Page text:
The GDC Blog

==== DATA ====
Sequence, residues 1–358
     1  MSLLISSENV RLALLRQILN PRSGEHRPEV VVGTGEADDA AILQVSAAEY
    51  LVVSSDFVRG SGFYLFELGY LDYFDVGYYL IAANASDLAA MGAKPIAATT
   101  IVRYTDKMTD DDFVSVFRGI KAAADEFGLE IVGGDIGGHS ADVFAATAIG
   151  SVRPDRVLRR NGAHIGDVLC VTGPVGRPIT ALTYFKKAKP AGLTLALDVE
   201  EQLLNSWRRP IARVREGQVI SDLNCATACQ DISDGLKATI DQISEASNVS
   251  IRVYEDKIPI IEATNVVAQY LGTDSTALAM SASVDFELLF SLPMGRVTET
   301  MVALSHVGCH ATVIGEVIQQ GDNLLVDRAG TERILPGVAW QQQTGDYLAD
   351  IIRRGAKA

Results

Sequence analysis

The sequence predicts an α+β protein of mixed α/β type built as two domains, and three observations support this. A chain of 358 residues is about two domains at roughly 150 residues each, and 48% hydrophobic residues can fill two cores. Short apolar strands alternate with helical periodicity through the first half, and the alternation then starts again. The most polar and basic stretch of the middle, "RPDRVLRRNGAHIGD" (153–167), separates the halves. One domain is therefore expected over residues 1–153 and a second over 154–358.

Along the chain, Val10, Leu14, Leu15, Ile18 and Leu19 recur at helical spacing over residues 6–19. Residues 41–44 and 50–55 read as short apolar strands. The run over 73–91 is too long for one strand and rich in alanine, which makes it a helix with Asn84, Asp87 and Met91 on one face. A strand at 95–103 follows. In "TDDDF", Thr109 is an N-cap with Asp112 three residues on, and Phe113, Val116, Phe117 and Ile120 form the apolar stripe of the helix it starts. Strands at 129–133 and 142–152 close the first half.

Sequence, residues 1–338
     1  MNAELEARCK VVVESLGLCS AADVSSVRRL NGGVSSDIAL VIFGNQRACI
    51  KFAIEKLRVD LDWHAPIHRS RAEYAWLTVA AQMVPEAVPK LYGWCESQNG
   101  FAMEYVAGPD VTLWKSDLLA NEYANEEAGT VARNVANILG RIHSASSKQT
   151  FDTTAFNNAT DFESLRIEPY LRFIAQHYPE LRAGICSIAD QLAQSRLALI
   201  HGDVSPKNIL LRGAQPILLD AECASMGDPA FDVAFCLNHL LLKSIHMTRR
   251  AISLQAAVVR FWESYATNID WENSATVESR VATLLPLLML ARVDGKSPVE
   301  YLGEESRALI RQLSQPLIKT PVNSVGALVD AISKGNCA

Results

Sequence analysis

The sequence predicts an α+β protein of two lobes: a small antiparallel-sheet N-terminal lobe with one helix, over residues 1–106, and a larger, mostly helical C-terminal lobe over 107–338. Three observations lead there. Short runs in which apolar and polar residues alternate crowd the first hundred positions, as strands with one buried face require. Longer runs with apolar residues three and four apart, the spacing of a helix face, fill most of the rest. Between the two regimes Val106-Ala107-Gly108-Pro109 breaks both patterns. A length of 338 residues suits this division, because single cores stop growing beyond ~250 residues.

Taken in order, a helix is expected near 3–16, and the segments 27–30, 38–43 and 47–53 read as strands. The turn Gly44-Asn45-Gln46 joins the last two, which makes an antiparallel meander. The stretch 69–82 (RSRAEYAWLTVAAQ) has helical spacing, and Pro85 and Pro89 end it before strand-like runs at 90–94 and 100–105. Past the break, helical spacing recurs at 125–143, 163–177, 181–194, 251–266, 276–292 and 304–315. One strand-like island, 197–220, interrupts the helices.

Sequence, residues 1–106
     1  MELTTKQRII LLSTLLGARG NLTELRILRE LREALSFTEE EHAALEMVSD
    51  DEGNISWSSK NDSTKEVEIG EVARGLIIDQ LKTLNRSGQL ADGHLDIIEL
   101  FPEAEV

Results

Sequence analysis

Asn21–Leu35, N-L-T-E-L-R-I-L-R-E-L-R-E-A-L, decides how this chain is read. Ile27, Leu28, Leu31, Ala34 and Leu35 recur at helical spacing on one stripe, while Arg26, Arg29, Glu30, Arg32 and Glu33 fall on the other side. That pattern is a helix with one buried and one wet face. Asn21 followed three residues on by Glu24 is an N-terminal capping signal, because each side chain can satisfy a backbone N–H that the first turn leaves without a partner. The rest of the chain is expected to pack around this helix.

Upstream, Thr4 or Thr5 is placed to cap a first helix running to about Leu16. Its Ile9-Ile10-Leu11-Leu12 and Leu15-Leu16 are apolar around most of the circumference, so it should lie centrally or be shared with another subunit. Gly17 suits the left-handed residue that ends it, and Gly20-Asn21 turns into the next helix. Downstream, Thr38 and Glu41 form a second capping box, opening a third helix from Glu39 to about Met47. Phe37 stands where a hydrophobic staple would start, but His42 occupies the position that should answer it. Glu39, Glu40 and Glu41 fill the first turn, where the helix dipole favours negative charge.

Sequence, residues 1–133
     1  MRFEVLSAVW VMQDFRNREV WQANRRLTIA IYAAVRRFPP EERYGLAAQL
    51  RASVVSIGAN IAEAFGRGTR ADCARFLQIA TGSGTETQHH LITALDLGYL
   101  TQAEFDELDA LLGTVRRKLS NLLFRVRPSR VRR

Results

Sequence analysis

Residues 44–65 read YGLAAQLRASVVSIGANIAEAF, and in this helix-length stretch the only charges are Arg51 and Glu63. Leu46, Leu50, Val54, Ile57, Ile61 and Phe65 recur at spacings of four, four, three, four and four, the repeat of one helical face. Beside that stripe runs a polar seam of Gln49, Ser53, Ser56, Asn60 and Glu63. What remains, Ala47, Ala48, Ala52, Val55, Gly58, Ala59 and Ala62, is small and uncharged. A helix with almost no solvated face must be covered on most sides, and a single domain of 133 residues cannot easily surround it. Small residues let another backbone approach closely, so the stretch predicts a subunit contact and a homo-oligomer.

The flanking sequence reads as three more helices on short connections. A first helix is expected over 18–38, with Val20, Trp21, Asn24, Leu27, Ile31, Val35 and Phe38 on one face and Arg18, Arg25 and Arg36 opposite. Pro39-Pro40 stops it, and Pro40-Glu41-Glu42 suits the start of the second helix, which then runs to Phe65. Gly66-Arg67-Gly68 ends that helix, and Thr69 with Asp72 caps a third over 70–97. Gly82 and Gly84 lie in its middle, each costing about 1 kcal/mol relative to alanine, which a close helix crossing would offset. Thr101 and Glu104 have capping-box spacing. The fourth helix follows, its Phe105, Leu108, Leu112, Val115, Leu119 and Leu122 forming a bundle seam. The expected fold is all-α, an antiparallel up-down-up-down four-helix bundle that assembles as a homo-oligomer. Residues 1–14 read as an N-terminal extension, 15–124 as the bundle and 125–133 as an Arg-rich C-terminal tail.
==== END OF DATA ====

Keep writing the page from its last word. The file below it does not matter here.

Great article this week (http://www.bernama.com.my/bernama/v7/wn/newsworld.php?id=1013570) regarding the effort by LATAM’s open economics to create a trading bloc to not just firm their cross-border economic ties but to begin building commerce efforts with Asia. The alliance specifically takes the view that economic growth will occur by focusing outwardly versus inwardly for global trade and commerce growth. The Pacific Alliance consists of Mexico, Columbia, Peru and Chile. This creates a market of almost 210 million people and a combined total of about 35% of GDP output for LATAM and the Caribbean. While the alliance is meant to reduce governmental barriers such as tariffs and regulations, it also will serve to create pricing and trade leverage for negotiations with Asian nations. Trade with Asia will enhance the dynamic export sectors on both ends of the Pacific. It is a natural outgrowth of existing population migration paths with large communities of Japanese, Koreans and Chinese establishing themselves throughout the LATAM community. More direct trade flows are also being stimulated by the growth of LATAM and by Asian e-commerce vendors beginning to focus on external growth—rather than a singular focus on internal growth. As vendors such as Rakuten, Alibaba and Mercado Libre extend their reach, there will be an enhanced need to strengthen their abilities to manage Identity of their prospective customers, validate the delivery location of the customer, and last, collect the payment in locally accepted payment vehicles. International customer data management is not one size fits all, but deployment of the right combination of technology can yield great results at a reasonable cost. Trade accords reduce the friction between global economies and technology solutions reduce the friction of managing customer transactions globally. Both have their challenges, but both also lead to growth and progress.